Before I talk about how awesome this recipe turned out and how amazing quinoa is for you, here’s some full disclosure:
- I’d never in my 21 years of living eaten quinoa until last night.
- I’d never in my 21 years of living eaten or made a stuffed pepper until last night.
- The recipe on the side of the quinoa box made this sound way easier than it actually was (for me, anyways. I spent half of the time trying to avoid having another Cajun Chicken Pasta smoke alarm episode, and the other half with my eyes watering from the onion.)
- I halved the recipe on the box because they said to use 4 or 5 peppers. I used two. I halved everything in the recipe except for the quinoa. That was a terrible, delicious mistake. 1 dry cup of quinoa equals like 8 servings of cooked quinoa. If you are following my recipe, only use 1/2 cup of quinoa! You’ve been warned!
Now let’s begin!
Quinoa (keen-wa) is a weird looking little food. It’s kind of like rice, but little golden circular rice that reminds me of fish eggs, which is gross. Don’t think about it too much. Despite its oddness, quinoa is regarded as the “Supergrain of the Future” (for it’s potential to fight world hunger!) and has been traced back to the South American Incan culture as a power-up meal for warriors. Yeah, it’s that cool! It’s loaded with all 9 essential amino acids , packed with iron and magnesium, and is a tasty way to switch up how you get your grains.
Anyways, like every other recipe in the world, there are tons of variations on this one. Switch it up to suit your taste buds; you can add shredded chicken, corn, mushrooms… get a little creative! But here’s what I used:
- 1 red pepper and 1 green pepper, halved
- 1/2 medium onion, diced
- 3 cloves garlic, minced
- 1 tomato, chopped
- 2 TBL butter
- 1 cup quinoa (Remember: If you’re only using two peppers, only use 1/2 cup quinoa!)
- Picante sauce
- 1 lb. cooked sausage
- 1/2 cup mozzarella cheese
And here’s what you need to do:
- Preheat oven to 325 degrees.
- Clean your peppers, then cut them in half crosswise.
- Using a knife (or a spoon, or your hands) gut the peppers. Get all of the seeds out, and any of the white stuff on the sides. (You might rip the bottoms out, like I did. Before I filled them with quinoa, I filled the holes with balled-up soft tortilla shells. You could use a ball of tinfoil, too. Don’t worry about it. Be resourceful!)
- Boil a pot of water, and throw the pepper halves in there for 3 minutes. This helps make them softer (and yummier) when you eat them. You can use a veggie steamer instead, if you have one. Once they have boiled/steamed for 3 min., sprinkle the insides with salt and set them upside down on a paper towel to dry off.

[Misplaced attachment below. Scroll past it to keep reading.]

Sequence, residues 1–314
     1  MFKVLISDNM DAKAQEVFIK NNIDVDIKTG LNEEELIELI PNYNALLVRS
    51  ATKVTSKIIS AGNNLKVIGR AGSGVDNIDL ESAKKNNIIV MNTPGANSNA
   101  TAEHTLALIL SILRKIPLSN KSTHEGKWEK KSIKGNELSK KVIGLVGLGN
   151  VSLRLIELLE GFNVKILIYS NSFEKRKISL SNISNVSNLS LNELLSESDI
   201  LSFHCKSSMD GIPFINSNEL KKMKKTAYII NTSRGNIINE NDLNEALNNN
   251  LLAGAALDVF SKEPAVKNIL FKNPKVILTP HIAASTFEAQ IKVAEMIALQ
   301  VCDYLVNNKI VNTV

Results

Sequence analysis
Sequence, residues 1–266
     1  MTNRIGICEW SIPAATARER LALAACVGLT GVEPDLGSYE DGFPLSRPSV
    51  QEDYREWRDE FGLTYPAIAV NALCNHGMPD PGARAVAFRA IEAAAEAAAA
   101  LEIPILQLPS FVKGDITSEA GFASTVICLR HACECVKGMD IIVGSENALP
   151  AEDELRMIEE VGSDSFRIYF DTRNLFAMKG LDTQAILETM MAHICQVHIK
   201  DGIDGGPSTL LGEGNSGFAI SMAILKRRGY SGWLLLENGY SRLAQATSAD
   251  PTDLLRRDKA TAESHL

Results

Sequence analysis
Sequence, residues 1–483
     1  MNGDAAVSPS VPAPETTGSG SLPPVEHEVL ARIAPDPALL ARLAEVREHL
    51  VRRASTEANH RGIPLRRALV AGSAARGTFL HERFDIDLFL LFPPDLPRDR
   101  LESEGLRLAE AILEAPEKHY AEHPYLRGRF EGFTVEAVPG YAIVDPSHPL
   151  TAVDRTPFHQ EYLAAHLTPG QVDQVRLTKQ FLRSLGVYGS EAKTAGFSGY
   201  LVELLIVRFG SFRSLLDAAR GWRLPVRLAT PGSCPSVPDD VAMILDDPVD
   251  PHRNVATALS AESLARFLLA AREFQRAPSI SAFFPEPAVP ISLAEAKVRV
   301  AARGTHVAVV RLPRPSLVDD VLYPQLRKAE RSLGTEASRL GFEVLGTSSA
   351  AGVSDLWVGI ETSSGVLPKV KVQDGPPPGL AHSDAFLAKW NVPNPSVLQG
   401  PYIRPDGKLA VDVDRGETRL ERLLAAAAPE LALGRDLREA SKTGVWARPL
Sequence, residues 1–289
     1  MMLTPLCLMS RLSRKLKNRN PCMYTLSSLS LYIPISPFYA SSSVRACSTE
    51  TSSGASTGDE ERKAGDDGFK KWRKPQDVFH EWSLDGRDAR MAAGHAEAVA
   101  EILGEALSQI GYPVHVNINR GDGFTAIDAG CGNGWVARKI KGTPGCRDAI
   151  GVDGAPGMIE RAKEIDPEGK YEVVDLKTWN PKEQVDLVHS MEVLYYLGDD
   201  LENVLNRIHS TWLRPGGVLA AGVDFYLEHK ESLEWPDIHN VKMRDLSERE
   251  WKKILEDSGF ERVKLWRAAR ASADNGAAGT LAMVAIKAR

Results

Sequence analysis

- Meanwhile, cook the quinoa as directed on the box. (Bring to a boil, add quinoa; reduce to a simmer, cover, and let it sit for 10-15 minutes or until all of the water is absorbed.)
- If you want sausage or chicken, cook that right meow. I made our sausage extra crispy so that it would contrast with the softness of the quinoa.
- In a large skillet, add the butter and onion; saute until they are soft.
- Add tomatoes and garlic; saute until soft, stirring constantly. Throw in a splash or two of picante sauce (I didn’t measure, but I would guess about 1/4 cup. Just eye ball it.) Cook mixture for another five minutes, stirring occasionally.
- Add the cooked quinoa and mix well.
- Add the sausage and mix well. Your end result should look something like this:
…except (again) if you’re only using two whole peppers, for the love of all good things Holy don’t cook so much quinoa. We had a TON of leftover stuffing.
- Put the pepper halves in a small baking dish, and spoon the filling in. Pack those babies up.
- Then sprinkle with cheese.
- Then throw them (kidding; gently slide them) into the oven for 2o minutes.
Ta-da! I put mine under the broiler for about a minute to crisp-ify the cheese on top. The house smelled SO good.
This meal didn’t require any extra spice or seasoning; the pepper and picante sauce took care of that naturally. The quinoa is really filling, and cheese on top evens out some of the hot flavors while contrasting with the crunchiness of the peppers. The taste, colors, and presentation of this meal make it super yummy and unique!
How else do you use your quinoa? And how do you properly gut a pepper?!